We outline the things you can’t afford to overlook, from keeping your passwords safe to starting a portfolio
This article has been amended.
Those feeling the zeal of new year good intentions may be thinking about overhauling their finances. There are many ways to improve the deals you get on your bills or accounts and it can be hard to prioritise. Here’s what Times Money thinks should be top of your to-do list for 2017.
1 Invest in a fund
Starting out in investment is daunting, but having some cash in stocks, learning how to how to buy shares, funds or bonds should help your money to grow. Adrian Lowcock, investment director at Architas, the multi-manager, says: “This looks set to be an interesting year. Markets are riding high and investors are more positive than they have been since the financial crisis.”
Try dipping a toe into investment by using a website such as Hargreaves Lansdown, AJ Bell Youinvest or Charles Stanley Direct. These so-called fund supermarkets allow you to set up an account, put some money in and choose funds that diversify your savings across a range of investments. Regularly topping up your investments is better than waiting for a stock market fall to buy cheaply, because even experts struggle to predict when this will happen. If you’re looking for more stocks to “top-up” into, take a look into some of the best stocks to buy today if you’re wanting to expand your portfolio.
For investing in the UK stock market a popular choice is the JO Hambro UK Opportunities fund. The manager has a very strong emphasis on protecting capital, says Jason Hollands, the managing director of Tilney Bestinvest, a wealth manager. For the US, the Schroder US Mid Cap fund is a good choice. The manager is a cautious investor who focuses on dodging losses rather than chasing winners, says Mr Lowcock. Both funds have fees to pay the fund manager who picks the shares.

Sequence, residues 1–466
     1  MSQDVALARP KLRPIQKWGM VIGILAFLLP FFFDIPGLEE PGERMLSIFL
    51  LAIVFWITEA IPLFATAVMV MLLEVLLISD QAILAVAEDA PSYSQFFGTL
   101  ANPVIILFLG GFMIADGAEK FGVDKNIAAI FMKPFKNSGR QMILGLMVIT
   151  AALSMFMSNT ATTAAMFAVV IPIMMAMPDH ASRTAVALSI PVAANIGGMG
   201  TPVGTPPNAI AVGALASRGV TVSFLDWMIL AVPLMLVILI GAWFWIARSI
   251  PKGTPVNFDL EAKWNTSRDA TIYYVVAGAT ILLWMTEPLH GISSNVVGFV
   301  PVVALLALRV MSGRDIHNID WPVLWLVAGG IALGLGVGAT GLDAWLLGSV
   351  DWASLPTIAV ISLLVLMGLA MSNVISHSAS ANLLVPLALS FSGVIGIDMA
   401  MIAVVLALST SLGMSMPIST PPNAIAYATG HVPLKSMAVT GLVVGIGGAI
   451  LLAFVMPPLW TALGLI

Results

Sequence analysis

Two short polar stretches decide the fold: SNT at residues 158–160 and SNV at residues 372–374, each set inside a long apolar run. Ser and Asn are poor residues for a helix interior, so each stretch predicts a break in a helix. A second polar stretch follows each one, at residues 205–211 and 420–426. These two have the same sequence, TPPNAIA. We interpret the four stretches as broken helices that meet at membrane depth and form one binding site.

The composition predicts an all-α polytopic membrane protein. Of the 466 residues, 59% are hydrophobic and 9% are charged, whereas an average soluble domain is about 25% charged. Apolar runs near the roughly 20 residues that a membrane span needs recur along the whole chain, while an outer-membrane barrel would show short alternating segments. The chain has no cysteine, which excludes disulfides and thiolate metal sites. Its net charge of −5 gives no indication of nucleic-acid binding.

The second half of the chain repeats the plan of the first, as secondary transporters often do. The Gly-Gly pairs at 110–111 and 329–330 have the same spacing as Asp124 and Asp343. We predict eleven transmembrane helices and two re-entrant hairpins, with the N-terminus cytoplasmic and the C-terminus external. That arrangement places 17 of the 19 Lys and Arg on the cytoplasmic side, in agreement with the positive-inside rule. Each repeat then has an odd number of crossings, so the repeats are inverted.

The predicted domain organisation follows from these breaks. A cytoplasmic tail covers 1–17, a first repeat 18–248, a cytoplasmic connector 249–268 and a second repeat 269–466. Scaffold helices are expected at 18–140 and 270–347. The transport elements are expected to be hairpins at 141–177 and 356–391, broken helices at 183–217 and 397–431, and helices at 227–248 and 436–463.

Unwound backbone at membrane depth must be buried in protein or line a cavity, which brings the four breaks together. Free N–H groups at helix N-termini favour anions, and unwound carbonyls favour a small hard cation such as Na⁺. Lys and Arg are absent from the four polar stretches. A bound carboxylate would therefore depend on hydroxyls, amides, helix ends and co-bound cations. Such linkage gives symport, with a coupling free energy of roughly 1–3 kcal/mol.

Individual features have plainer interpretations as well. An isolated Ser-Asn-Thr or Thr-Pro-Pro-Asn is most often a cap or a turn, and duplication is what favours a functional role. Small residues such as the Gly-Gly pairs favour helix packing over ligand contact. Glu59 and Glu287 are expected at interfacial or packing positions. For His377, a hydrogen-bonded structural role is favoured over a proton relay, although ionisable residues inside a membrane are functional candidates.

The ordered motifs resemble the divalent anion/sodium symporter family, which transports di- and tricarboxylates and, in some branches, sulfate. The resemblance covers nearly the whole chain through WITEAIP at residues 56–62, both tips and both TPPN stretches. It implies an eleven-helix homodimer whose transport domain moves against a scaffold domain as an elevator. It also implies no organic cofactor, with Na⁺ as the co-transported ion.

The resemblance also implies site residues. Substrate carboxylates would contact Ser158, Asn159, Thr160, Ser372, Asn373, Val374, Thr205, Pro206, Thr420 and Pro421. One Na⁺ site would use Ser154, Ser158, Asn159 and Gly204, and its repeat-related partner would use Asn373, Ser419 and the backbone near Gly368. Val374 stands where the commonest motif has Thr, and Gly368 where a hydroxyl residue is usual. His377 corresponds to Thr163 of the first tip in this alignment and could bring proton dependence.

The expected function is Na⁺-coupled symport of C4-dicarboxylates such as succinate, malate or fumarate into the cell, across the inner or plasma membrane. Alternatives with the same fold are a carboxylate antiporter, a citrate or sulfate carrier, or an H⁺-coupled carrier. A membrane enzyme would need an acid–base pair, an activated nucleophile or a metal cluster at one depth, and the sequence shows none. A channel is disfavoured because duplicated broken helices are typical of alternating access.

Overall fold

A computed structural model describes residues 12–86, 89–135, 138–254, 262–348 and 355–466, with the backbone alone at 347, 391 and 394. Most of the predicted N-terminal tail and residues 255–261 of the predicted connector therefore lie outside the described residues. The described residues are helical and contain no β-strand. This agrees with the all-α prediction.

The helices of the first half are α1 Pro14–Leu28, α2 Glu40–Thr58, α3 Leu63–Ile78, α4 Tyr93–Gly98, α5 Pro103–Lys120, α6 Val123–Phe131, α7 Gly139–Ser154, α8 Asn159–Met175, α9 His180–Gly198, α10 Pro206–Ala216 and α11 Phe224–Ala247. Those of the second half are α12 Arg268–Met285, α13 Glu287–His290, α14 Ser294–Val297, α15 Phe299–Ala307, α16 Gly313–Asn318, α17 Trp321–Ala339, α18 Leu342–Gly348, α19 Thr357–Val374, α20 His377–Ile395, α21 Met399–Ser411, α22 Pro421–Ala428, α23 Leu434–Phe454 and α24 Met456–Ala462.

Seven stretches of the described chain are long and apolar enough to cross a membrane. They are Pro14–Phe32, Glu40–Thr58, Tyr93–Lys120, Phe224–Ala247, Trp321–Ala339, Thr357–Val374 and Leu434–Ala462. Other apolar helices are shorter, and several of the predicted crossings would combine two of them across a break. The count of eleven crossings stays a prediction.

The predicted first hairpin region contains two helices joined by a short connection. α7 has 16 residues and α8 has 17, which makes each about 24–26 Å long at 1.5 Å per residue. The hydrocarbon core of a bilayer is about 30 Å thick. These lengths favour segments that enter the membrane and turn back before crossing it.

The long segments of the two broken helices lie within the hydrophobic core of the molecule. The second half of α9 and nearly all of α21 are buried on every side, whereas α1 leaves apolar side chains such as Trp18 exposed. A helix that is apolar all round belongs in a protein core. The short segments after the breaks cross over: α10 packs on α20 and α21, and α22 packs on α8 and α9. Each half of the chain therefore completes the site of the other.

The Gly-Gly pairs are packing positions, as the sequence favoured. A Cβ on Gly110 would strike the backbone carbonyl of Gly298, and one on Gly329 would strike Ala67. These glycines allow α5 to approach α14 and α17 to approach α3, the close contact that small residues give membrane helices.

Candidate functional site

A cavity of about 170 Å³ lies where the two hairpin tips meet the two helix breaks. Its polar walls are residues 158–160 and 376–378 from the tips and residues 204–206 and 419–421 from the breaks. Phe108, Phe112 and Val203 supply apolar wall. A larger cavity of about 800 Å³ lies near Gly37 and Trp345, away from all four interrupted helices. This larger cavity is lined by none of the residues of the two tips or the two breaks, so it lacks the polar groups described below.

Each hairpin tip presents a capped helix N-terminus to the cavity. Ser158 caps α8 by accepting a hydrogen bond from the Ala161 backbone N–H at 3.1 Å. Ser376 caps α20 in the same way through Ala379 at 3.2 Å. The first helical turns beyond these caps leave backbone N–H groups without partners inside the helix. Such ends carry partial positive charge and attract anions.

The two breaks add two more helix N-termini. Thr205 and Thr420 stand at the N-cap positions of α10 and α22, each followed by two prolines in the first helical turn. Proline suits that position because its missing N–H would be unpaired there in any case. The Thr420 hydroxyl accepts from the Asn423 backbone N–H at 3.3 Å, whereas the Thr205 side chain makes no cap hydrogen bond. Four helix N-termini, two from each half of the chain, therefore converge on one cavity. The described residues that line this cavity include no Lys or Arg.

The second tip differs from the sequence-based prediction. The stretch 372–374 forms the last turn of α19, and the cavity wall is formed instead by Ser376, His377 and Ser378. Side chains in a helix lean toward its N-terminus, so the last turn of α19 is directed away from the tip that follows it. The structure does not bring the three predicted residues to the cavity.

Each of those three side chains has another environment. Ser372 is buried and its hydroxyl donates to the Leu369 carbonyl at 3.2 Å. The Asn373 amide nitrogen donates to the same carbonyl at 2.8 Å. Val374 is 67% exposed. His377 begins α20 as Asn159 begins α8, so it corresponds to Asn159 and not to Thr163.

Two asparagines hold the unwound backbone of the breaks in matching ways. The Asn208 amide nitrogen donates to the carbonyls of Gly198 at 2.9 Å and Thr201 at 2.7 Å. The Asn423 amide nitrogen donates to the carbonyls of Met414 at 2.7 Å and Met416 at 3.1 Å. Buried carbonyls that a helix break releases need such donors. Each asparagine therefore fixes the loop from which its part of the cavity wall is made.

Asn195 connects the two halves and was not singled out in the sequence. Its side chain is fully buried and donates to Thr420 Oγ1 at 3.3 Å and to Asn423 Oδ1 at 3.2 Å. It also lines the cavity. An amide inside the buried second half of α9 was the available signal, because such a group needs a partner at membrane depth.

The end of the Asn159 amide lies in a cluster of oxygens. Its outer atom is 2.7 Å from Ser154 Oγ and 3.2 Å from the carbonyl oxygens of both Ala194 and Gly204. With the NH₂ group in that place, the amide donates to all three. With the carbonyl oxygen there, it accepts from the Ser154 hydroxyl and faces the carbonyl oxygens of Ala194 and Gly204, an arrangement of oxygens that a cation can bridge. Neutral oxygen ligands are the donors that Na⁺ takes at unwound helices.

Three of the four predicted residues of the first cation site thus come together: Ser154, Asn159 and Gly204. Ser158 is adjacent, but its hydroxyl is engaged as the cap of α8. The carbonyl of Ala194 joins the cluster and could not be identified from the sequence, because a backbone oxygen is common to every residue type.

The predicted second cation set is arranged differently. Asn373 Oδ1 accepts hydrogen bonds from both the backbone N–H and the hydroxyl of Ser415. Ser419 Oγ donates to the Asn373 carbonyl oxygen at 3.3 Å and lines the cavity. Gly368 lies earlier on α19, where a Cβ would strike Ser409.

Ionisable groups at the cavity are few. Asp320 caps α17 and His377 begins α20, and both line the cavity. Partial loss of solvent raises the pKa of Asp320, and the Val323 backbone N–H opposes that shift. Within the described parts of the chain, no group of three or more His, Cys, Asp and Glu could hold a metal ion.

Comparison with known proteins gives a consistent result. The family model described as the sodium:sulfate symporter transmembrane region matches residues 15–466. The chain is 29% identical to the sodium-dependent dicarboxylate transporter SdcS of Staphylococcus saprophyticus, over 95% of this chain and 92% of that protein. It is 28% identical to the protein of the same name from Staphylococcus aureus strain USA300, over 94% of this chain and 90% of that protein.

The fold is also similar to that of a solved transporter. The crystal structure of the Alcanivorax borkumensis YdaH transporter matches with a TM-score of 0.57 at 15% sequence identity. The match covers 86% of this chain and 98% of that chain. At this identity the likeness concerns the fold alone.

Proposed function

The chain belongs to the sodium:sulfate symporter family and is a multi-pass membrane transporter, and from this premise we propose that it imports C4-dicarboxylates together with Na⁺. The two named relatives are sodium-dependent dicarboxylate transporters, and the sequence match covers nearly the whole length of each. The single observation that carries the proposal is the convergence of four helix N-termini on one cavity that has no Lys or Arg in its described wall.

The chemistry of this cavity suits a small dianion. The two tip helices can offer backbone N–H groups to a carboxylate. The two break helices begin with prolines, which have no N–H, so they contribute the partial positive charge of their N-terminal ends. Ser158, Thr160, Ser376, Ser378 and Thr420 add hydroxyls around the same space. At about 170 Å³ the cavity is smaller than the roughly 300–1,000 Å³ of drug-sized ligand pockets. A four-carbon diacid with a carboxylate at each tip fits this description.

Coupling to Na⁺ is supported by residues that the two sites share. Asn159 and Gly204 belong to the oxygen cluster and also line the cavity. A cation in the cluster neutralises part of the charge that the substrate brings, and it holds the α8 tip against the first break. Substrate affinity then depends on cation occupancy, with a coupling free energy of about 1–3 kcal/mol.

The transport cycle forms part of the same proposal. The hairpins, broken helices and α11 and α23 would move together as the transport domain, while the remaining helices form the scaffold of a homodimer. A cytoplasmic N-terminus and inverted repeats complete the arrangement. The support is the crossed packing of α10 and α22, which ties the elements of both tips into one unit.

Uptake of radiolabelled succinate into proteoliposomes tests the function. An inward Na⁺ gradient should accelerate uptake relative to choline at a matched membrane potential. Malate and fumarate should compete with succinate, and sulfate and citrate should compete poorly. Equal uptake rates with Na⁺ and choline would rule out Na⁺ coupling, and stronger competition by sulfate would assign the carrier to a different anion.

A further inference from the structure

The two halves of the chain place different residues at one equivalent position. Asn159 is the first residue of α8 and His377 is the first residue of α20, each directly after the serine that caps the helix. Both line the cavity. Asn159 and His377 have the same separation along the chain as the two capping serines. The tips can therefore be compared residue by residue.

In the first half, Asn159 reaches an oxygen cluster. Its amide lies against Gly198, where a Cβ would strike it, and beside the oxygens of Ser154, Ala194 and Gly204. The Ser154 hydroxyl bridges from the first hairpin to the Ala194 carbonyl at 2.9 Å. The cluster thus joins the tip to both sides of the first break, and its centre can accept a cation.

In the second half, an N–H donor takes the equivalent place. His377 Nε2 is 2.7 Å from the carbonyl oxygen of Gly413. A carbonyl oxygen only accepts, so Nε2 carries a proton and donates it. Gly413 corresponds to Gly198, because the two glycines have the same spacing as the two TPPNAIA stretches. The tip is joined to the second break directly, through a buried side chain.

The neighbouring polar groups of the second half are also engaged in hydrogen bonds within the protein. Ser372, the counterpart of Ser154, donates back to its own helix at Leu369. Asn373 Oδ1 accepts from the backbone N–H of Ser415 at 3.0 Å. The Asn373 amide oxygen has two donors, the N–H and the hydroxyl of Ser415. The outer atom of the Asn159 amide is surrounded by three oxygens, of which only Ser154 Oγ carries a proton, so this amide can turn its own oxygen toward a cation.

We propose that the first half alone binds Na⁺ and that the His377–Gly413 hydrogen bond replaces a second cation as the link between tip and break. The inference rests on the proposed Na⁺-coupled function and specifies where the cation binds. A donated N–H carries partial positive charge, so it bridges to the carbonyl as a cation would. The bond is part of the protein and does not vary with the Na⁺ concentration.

Investing in stocks by yourself, without the help of fund managers, can also be done if that’s a risk you are willing to take (as many do). This way, you also have the freedom to invest where you wish to and save some money too. Try investing in some international stocks if you do not want to stick to your country’s stock market. Shares like those of Airbnb, a hospitality company that has great potential right now because of its appeal to a large population of travellers across the world, could prove to be a good investment. Resources that provide information on ‘AirBnB Aktie kaufen‘ (how to ‘Buy Airbnb stock’) or other similar pages could help you decide on the stocks to invest in.
Another cheap way to invest is through a tracker fund, which has no fund manager but follows all the companies on an index. The iShares Ucits Core FTSE 100 ETF charges only a tiny 0.07 per cent of your investment as a fee. Be prepared to feel the full force of the FTSE’s ups and downs though. There are other ETF’s you may want to look into as well, such as a cbd etf. Every ETF will offer different rewards, so be sure to do your research.
“Passive funds such as these work best in bull markets, because they are fully invested in the market. Conversely they will experience the full impact of any market declines,” says Mr Hollands.
2 Max out your Isa allowance
“The best way to grow your savings is to use as much of your annual Isa and pension allowances as you can. These are the best ways to grow your wealth,” says Mr Lowcock. Until April savers will be able to put away 15,240 in a cash or stocks and shares Isa, or a combination of both, and not pay any tax on the interest.
The rules become even more generous at the start of the next tax year on April 6. The new personal savings allowance will come into effect, which means basic-rate taxpayers can earn 1,000 interest a year without paying any tax. Higher rate taxpayers will be able to earn 500 interest tax-free. Additional-rate taxpayers will have to pay tax on all of their savings interest.